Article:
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XML namespaces on the Web

From: Anne van Kesteren <annevk@opera.com>
Date: Mon, 16 Nov 2009 14:32:47 +0100
To: "HTML WG" <public-html@w3.org>
Message-ID: <op.u3ho8xcj64w2qv@anne-van-kesterens-macbook.local>
I was asked during TPAC to briefly outline a potential alternate approach  
to making XML namespaces usable on the Web on this mailing list. (Which is  
what the "distributed extensibility" debate seems to center around.)

The reason people appear to be pushing for some solution of XML namespaces  
in HTML seem to be:

A) There is a lot of legacy systems out there that would be hard to  
re-factor to make them ready for XML. They would basically have to be  
rewritten from the ground up to work with an XML toolchain to make sure  
the output is always namespace well-formed. Besides that this probably  
would not happen for cost-benefit reasons it also makes writing a simple  
tool that outputs content a lot more complicated. No more PHP echo or  
Python print to show something on the screen, but rather you would have to  
use some kind of DOM, a serializer, etc.

B) Internet Explorer does not support XHTML.

If the problem is just B I'm not sure it is worth introducing complexity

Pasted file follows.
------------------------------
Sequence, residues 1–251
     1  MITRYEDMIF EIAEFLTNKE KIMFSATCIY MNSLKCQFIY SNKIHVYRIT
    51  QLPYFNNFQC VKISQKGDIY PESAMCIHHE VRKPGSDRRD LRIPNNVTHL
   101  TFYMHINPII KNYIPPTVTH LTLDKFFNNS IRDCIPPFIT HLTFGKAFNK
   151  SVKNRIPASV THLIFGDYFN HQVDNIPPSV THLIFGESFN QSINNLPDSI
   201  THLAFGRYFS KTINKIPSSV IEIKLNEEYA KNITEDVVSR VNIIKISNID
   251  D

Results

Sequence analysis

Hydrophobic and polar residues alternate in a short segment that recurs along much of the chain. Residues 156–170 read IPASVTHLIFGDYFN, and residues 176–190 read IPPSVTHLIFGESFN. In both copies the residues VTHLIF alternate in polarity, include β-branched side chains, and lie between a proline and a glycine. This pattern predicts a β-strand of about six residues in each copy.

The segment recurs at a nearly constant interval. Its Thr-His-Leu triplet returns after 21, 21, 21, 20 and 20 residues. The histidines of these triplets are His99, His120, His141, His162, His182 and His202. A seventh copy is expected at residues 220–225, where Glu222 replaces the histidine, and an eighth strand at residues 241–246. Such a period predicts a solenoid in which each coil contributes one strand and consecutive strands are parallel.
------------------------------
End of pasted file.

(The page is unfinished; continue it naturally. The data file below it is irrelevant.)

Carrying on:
in HTML to work around a bug in a browser. Generally we do not introduce  
new features to work around bugs in browsers.

If the problem is A it seems to me it would be better to solve that  
problem at its core: XML. I worked on that while ago (two years or so) and  
put some experimental code and documentation online here:

   http://code.google.com/p/xml5/

It tries to preserve the existing characteristics of XML in browsers by  
not doing anything with the DTD and by being stream-able. It is also  
backwards compatible with XML 1.0 and I think XML 1.1 in the sense that  
any namespace well-formed XML 1.x document will result in the same tree  
when using an XML5 parser. The main new feature is that it also defines  
what the resulting tree will be for byte streams that are not namespace  
well-formed.

The idea is that "XML5" would replace XML 1.x so that we do not end up  
with yet another dialect. This and most of the above is quite  
controversial and since I'm personally still not quite sure what problem  
XML namespaces is solving (they appear to have been added mostly for RDF)  
I have never really pursued this idea much further. However, it was  
brought up again so I thought I should outline the thought process.


(Another reason I played with XML5 is that in mobile walled gardens one  
can often find non-namespace well-formed XML that is expected to processed  
anyway because less compliant user agents that came before us (see also  
http://simon.html5.org/articles/mobile-results ) processed it too.)


-- 
Anne van Kesteren
http://annevankesteren.nl/
Received on Monday, 16 November 2009 13:33:29 GMT

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